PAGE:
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Biographical entry Barnes, Anthony David (1934 - 2016)

BSc Birmingham 1958; MB ChB 1958; FRCS 1964; ChM 1968.

Born
19 June 1934
Brighton
Died
30 April 2016
Pembrokeshire, Wales
Occupation
General surgeon and Transplant surgeon

Details

Anthony ('Tony') Barnes, a consultant surgeon at Queen Elizabeth Hospital, Birmingham, was in the vanguard of renal transplantation in the UK and made major contributions to the establishment of the specialty. He was born on 19 June 1934 in Brighton and as a teenager during the Second World War was evacuated to the East Grinstead area, where airmen who had suffered severe burns were benefitting from pioneering plastic surgery. This influenced his choice of skin allograft rejection for a BSc project during his medical undergraduate training at Birmingham University. He won the Bertram Windle prize in anatomy and gained his BSc with first class honours, subsequently winning the prize in surgery for three successive years before graduating in 1958.

After house jobs, he again studied graft rejection at East Grinstead with Sir Peter Medawar, encouraged by Sir Solly Zuckerman, then professor of anatomy in Birmingham. Both encouraged a scientific career, but Tony was committed to surgical training and progressed rapidly to a lectureship in the department of surgery at Birmingham University under Alphonsus ('Pon') d'Abreu at Queen Elizabeth Hospital.

Experiments in renal transplantation had progressed through the 1950s, but did not become a practical solution to the problem of kidney failure until the introduction of immunosuppressive drugs in 1964. At that time haemodialysis remained the only treatment option for kidney patients in most parts of the UK including the Midlands. After visits to Boston and later Cambridge and St Mary's, Tony resolved to introduce a transplantation programme to Birmingham. In 1968, whilst still a lecturer, having identified a potential first recipient, he was called to a recently deceased donor at a local hospital and duly returned to Queen Elizabeth Hospital with two kidneys. With d'Abreu away, he had to persuade his consultant seniors to proceed with the transplant. Ultimately this was a team effort with Geoffrey Slaney performing the arterial anastomosis, Frank Ashton the venous and Paul Dawson-Edwards the ureteric, leaving Tony to sew up the skin.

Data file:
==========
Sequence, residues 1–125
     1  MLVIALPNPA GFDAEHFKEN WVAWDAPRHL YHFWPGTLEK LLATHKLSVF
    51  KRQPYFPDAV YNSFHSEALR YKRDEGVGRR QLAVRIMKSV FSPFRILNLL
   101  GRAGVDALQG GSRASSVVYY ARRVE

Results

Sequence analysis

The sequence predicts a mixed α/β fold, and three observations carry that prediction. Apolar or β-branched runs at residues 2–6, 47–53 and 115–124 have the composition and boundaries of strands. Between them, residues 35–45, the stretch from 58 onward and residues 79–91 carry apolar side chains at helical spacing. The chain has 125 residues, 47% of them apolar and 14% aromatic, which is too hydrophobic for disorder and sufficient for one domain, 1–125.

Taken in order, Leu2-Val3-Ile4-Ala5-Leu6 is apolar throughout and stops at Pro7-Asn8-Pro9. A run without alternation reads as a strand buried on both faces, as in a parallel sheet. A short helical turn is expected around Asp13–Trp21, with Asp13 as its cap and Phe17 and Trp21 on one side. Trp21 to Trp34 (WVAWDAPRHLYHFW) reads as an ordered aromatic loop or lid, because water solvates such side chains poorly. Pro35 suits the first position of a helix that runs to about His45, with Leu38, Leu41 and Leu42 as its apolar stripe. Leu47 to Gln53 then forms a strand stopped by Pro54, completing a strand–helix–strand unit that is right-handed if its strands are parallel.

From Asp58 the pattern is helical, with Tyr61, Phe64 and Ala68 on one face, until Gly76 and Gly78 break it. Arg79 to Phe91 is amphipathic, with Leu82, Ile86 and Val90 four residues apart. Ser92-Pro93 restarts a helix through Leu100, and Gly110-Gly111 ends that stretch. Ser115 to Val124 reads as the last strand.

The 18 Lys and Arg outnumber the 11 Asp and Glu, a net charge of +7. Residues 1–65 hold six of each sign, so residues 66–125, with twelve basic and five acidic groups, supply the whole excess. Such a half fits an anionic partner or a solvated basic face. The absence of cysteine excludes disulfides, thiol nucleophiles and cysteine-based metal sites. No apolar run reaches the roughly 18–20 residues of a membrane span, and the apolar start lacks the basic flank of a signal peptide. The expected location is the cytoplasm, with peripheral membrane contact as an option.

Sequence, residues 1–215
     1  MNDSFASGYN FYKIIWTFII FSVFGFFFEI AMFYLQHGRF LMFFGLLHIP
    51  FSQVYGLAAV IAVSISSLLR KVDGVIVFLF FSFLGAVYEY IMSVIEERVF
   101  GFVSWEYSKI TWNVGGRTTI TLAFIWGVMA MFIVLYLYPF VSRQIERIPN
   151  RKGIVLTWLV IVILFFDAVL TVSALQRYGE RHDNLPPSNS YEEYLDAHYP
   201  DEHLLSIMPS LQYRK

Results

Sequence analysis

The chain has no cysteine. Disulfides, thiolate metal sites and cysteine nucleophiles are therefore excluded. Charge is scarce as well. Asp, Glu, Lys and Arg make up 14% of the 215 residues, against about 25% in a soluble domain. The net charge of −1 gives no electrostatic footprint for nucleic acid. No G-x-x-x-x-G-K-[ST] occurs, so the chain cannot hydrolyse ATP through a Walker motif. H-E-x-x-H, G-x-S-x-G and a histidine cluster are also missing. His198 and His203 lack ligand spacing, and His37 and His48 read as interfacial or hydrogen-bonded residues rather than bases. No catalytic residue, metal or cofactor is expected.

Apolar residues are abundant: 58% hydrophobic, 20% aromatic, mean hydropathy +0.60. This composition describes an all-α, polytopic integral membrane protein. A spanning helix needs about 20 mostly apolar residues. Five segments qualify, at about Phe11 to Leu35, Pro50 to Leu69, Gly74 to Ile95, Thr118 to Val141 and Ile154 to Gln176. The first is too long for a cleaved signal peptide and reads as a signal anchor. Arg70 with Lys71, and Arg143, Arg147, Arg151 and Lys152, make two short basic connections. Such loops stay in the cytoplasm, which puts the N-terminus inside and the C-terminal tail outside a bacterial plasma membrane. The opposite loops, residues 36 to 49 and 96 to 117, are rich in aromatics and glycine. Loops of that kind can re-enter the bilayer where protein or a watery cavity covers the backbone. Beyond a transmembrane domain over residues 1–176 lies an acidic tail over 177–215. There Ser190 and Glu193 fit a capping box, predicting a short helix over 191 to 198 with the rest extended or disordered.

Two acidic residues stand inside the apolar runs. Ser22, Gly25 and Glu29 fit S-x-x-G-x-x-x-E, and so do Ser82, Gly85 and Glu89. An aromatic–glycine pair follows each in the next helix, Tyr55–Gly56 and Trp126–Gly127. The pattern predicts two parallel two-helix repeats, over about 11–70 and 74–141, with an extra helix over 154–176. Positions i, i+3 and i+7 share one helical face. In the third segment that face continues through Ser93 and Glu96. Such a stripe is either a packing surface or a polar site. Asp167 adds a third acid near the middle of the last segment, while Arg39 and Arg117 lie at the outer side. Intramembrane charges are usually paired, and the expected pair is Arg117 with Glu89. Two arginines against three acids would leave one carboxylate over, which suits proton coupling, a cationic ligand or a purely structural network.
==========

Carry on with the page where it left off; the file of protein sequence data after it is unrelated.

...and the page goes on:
A substantive consultant appointment soon followed and Tony rapidly built up one of the most active renal programmes in the UK. Like many of his contemporaries in the newly-established transplant units, he was single-handed for the first 14 years and relied on his trainee registrar to share the busy workload on a full-time on-call basis, regarded by all as character-building rather than unsafe. Tony often stated that working for him on the kidney unit was the ideal contraceptive. Nevertheless, the outstanding training he provided meant that the transplant registrar post was much sought after. All Tony's trainees carried their experience on to successful independent careers as consultant surgeons, several of them in transplantation.